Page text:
With great foresight we had stockpiled an extensive supply of old books and 33 rpm recordings of ancient American music in case of such an emergency, so at least we have not been relegated to contemporary pop culture. The internet machine informs us that Jay Leno broadcast his last Tonight Show, for instance, but Willie Nelson was singing “Hello, Walls” on the stereo so we didn’t bother to tune in. Leno always seemed an affable sort of fellow, far more so than his time-slot rival, but the talk shows have lost their luster along with the rest of show biz since the days when Frank and Dean would schmooze and smoke and make risqué with Johnny. Toward the end of his run Leno endeared himself to conservatives by cracking the occasional joke about President Barack Obama, which somehow made the white-haired comic the most daringly transgressive artist in mass media, but for the most part he hewed to the Hollywood line. Over the course of a long career Leno let loose with some good jokes, but it’s hard to do so consistently within the Hollywood line.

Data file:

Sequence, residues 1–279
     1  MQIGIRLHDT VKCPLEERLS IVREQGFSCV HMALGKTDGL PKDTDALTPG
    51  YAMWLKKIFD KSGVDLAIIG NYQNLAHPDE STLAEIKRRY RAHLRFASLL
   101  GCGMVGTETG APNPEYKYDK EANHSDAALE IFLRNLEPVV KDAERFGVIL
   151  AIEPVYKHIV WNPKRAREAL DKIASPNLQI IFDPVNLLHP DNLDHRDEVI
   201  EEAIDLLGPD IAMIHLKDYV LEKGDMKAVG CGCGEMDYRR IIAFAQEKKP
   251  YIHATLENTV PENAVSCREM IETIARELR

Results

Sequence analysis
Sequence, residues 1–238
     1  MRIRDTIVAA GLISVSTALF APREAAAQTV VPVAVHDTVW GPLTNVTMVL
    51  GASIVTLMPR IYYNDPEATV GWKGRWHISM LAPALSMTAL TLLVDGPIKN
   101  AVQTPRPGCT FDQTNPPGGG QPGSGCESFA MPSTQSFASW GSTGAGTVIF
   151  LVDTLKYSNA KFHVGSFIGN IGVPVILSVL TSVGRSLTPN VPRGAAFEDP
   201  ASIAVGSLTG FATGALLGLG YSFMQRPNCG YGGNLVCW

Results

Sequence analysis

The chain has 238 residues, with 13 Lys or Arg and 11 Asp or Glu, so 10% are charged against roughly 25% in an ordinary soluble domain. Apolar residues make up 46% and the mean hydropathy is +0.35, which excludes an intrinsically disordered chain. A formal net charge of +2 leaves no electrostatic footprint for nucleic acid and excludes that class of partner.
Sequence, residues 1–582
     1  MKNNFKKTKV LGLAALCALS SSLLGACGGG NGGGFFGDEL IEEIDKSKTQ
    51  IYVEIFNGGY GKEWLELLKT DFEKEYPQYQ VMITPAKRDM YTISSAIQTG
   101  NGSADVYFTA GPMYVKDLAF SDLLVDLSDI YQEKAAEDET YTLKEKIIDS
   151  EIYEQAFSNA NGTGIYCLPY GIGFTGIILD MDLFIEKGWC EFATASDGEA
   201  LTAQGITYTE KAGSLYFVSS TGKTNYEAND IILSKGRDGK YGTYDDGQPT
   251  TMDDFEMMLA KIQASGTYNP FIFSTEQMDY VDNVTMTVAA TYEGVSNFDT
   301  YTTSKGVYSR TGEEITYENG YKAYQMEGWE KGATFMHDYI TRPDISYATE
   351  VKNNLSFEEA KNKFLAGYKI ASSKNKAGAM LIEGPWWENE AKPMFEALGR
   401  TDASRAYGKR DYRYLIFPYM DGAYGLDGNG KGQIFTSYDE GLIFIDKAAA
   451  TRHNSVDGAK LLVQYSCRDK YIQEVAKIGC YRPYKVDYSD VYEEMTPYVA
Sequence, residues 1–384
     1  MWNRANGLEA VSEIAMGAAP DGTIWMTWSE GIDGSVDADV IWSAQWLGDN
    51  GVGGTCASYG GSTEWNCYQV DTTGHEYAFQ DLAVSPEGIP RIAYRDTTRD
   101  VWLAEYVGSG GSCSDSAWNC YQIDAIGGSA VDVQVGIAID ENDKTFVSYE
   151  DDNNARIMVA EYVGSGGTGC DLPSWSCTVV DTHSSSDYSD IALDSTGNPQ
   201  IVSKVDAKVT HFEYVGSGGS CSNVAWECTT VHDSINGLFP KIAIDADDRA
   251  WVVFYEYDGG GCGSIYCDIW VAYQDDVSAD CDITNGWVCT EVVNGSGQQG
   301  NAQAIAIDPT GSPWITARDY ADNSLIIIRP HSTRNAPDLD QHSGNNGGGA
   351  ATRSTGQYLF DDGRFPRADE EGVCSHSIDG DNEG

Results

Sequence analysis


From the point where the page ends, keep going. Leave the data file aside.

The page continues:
Two other comedy-related stories we’ve come across the past week make the same point. One was an interview with Lorne Michaels, who has produced the Saturday Night Live since it premiered on the old Dumont Network back in the silent television days, and his admission that the show has tended to ridicule conservatives more often than liberals because conservatives are willing to laugh at themselves and liberals respond angrily. This same cowardly approach to comedy explains why show biz prefers to ridicule turn-the-other-cheek Christians rather than slay-the-blasphemer Muslims, and why Saturday Night Live and other contemporary comedies are so rarely funny. The other story was an interview with Jerry Seinfeld, who rightly took umbrage at questions about the lack of racial diversity of the casts in his programs. “This has gotta represent the actual pie chart of America? Who cares? Funny is the world that I live in,” Seinfeld said to CBS This Morning, “You’re funny, I’m interested. You’re not funny, I’m not interested. I have no interest in gender or race or anything like that.” We suspect that Seinfeld was so obviously offended because he holds political views that are generally in line with his show biz peers, but his admirable willingness to set them aside during working hours is one reason that his work is so often funny.